Sunday, 7 April 2013

My application to work at Google

Dear Google HR department,

I have recently bought the book Are You Smart Enough to Work at Google? I have not had time to read it yet, as since becoming a mother I have only read a handful of books, but I fully intend to take it on holiday with me next month and to pretend things will be different because I am using the word holiday, and that I may have a chance to read.

Nevertheless I would like to apply to work at Google, specifically in a very senior position that earns googols of pounds.

I have much experience working as a writer, editor and lecturer, including writing two non fiction books and teaching at a prestigious university. However my application focuses on the experience gained during the two years since my daughter was born including the recent arrival of my son.

During this time I have developed excellent skills in project management. Every activity my family is involved with includes planning, organising and research to ensure completion on time and within budget, from working out journeys that facilitate naps to checking the availability of refreshments. This often involves balancing the competing requirements of the group.

I also have much experience in logistics, making sure people, facilities and supplies suit our requirements. This has included the planning of several holidays and travel on many modes of transport.

As leader of my team I frequently liaise with other team leaders to arrange activities that are both fun and educational. This includes assessing external settings and applying the criteria set by many interested parties and maintaining effective networks.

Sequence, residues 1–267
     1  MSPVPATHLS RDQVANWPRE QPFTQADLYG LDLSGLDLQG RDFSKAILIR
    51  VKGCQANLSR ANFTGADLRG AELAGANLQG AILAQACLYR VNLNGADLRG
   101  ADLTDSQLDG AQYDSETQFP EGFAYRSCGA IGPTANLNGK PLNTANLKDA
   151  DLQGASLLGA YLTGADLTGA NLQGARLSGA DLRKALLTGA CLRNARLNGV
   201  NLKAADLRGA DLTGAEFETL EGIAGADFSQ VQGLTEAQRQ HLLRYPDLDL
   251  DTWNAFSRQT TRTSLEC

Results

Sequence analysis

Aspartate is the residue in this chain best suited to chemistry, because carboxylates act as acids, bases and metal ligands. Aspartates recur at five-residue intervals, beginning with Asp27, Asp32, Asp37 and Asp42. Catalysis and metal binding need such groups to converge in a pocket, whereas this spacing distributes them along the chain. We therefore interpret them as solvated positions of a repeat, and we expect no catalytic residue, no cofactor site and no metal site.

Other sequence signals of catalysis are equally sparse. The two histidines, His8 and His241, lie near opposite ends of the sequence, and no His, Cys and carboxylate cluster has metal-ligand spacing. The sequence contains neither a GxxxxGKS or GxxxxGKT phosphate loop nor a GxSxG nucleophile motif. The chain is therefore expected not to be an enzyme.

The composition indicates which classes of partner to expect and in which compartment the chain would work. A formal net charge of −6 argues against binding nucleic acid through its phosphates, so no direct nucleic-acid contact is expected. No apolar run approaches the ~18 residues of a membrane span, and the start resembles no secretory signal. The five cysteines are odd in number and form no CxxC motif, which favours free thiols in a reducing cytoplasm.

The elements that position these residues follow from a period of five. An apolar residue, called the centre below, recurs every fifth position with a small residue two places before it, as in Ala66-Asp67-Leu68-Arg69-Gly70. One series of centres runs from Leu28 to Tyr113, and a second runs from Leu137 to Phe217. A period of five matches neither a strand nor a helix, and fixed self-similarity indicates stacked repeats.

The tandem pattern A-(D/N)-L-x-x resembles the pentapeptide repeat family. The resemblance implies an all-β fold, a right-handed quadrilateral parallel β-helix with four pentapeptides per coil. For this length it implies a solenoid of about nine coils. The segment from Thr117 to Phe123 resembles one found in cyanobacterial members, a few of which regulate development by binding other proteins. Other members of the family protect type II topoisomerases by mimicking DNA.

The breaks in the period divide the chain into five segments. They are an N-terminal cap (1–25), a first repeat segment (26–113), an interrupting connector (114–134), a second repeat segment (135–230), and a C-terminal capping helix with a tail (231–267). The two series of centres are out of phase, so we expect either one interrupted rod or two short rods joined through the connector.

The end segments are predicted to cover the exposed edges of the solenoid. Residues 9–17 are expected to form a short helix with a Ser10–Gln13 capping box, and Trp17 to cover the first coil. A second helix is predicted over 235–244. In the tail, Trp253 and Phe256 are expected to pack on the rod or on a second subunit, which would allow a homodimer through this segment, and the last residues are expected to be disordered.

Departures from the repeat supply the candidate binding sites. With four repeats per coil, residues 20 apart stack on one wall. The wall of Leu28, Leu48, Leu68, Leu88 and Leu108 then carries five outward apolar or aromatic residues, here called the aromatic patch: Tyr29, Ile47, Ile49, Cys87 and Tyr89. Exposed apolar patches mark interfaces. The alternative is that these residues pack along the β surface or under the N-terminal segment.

My communication skills have also developed in my current role. I already had much experience writing, editing and broadcasting. However I can now convey with a look, a twitch, a small intake of breath or a barely perceptible shake of the head whether something is allowed, whether it is dangerous and what level of punishment can be expected if I am disobeyed.

Crisis management has become one of my specialities. I am able to quickly assess any situation and go to the person or object most needing help whilst being aware of the speed in which other crises may be developing. Nothing fazes me, from overflowing sinks to precariously balanced irons or paint about to spill on the sofa.

I have daily responsibility for my team's budget, and can quickly evaluate the value of a carton of apple juice versus a box of raisins. I also now understand the value of a chocolate button, and the value of a cuddle. I also know the price of a 6 pint bottle of milk, and indeed the value (and cost) of 30ml of expressed breast milk.

Learning to delegate and to split tasks to ensure all members of the team feel involved in every project has been a key area for me. This sometimes requires changing the direction of a task in the middle of it. However I feel this is worth it to create a harmonious environment for everyone to work in.

I can assess danger in an instant, explain my decision and persuade all parties that they want to do things my way, regardless of the position they adopt at the start of proceedings. I have also become an expert negotiator and my skills in this area include knowing which battles to pursue and using all resources at my disposal when something just has to be done. A good example of this is convincing a two year old to brush her teeth.